During the past few years, we have seen many biotech companies be forced to raise money by selling their stock at a significant discount and by issuing warrants worth 50 to 100 percent of the stock being purchased.  These discounts and warrants are effective in attracting certain investors to fund a company’s operations.  However, they are very expensive inducements and, as we have found, often have long-term negative consequences for existing investors.  Read More…

Stem-Cell Therapy and Patient Safety – The Source Matters

February 6th, 2012

Dear Friends of Aastrom,

The issue of safety associated with stem cell therapies has been in the news recently. Last month, the FDA issued a consumer update describing potential risks associated with the use of stem cell therapies that have not yet been approved. Also recently, 60 Minutes ran a story about patients with severe illnesses who sought treatment with unapproved stem-cell therapies when no approved treatment options were available. In many cases, these patients paid vast sums of money and traveled to other countries to be treated with potentially dangerous and unregulated cell therapies.

These reports highlight the value of appropriate safety standards in the development of cellular therapies, standards which Aastrom maintains in all of its development, manufacturing and shipping procedures. These stories also raise an important issue about the different types of stem cells used in medical research and drug development, and the need to define clearly which cell types are being used. In many cases, the ethical or safety concerns associated with cell therapies relate to the use of embryonic stem cells, not the use of adult or autologous (“patient-specific”) stem cells which we use at Aastrom. Therapies derived from non-embryonic stem cell therapies are now approved for use in treating more than 70 medical conditions. 1, 2

In the development of our cellular-medicine product, Aastrom uses the patient’s own bone marrow, which is collected in an outpatient setting. After the sample arrives at our laboratory in Ann Arbor, each step of the production process is carefully monitored to meet or exceed the safety and quality standards established by the FDA. Read More…

Unlocking the Potential of Regenerative Medicine

January 17th, 2012

Dear Friends of Aastrom,

Regenerative medicine is the term most often used to describe research and drug development involving the use of stem cells to stimulate the body to rebuild and repair damaged tissue.  Based on the results of multiple research programs in the U.S. and other countries, regenerative medicine has the potential to cure or reverse the symptoms of many diseases that affect different tissues in the body, including vascular, muscle, organ, bone and nerve tissues.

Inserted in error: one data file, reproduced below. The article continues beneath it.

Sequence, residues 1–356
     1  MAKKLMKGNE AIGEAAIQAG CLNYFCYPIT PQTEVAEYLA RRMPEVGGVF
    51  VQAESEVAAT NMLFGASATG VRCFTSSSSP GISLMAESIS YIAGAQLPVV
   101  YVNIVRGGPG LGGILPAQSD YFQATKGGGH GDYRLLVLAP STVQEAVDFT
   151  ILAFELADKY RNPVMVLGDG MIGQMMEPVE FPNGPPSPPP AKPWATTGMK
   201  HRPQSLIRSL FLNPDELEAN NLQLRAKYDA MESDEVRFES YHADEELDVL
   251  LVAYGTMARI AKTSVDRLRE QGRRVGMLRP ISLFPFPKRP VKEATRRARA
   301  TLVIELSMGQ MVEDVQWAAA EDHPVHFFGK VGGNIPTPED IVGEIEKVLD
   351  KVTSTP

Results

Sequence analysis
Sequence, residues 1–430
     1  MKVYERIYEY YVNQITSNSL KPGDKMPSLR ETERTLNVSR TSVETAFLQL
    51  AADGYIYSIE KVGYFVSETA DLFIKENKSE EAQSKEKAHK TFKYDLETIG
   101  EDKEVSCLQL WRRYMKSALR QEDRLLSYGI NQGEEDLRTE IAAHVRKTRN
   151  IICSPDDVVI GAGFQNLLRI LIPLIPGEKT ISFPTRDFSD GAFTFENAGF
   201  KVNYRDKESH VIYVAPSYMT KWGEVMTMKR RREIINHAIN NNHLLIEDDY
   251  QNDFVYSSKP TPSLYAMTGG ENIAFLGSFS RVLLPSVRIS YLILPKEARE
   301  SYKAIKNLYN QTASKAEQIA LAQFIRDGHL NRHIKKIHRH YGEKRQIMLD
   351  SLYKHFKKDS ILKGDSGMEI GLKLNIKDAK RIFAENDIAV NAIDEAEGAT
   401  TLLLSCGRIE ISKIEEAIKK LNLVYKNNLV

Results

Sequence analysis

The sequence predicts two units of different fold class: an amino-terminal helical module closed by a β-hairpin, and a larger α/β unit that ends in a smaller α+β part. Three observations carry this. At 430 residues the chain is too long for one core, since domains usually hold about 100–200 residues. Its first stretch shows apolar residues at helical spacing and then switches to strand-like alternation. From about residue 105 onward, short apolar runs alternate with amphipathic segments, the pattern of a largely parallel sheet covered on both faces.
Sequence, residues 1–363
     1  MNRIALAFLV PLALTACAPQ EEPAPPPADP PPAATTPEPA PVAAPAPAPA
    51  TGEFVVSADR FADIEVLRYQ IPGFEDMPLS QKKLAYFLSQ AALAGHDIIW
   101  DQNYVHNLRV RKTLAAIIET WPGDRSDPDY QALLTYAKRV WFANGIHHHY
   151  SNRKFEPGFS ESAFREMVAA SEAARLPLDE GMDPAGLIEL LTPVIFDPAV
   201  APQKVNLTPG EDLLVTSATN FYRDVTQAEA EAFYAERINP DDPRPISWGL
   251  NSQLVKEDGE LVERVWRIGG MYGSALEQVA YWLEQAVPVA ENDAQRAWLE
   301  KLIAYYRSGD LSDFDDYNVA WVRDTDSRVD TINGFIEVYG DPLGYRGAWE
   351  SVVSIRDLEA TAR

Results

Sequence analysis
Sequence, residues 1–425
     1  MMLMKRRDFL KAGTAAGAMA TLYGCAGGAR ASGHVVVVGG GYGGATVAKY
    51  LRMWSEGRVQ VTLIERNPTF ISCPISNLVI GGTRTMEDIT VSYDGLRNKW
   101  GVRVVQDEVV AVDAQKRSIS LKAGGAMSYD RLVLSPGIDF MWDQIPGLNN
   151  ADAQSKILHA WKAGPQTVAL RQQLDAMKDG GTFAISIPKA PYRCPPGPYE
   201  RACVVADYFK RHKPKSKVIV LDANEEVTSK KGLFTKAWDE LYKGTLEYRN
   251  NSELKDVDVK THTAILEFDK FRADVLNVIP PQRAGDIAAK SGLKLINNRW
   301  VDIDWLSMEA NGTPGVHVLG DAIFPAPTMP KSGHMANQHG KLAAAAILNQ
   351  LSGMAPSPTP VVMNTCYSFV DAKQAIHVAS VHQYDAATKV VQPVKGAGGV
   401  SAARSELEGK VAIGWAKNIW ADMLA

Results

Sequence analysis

Today, the field of regenerative medicine encompasses many approaches to treatment, including:

  • therapies administered by injection to promote tissue healing and organ regrowth;
  • the growth of new tissue and organs in a laboratory for implantation in patients; and
  • the use of biocompatible materials or small molecules to support the body’s natural ability to regenerate tissue.

At Aastrom, our approach to regenerative medicine is to use a patient’s own cells to develop a therapy that includes the optimal range and ratio of cells to treat severe, chronic ischemic cardiovascular diseases such as critical limb ischemia (CLI) and dilated cardiomyopathy.  The product we are developing, ixmyelocel-T, is personalized and custom-made for each patient from a small amount of his or her own bone marrow cells.  Read More…

Aastrom Nearing Launch of Phase 3 Revive Clinical Trial for Critical Limb Ischemia

December 9th, 2011

Dear Friends of Aastrom,

As you may have noticed, we recently redesigned the Aastrom website to help visitors access more information about our company. We hope this redesign makes it easier to learn about our work, mission and progress. To support the new site, we are also introducing a new blog about Aastrom where we will offer perspectives on important issues associated with our work and industry. I am very pleased to begin this new series with some comments on the disease that has been a primary focus of our work and research at Aastrom for the past several years—critical limb ischemia (CLI). (Learn more about critical limb ischemia or Aastrom’s CLI clinical trials, or watch the Living with CLI video.)

The importance of our CLI program cannot be overstated, as the need for a new treatment to help the millions of people affected by this terrible disease has never been greater. Read More…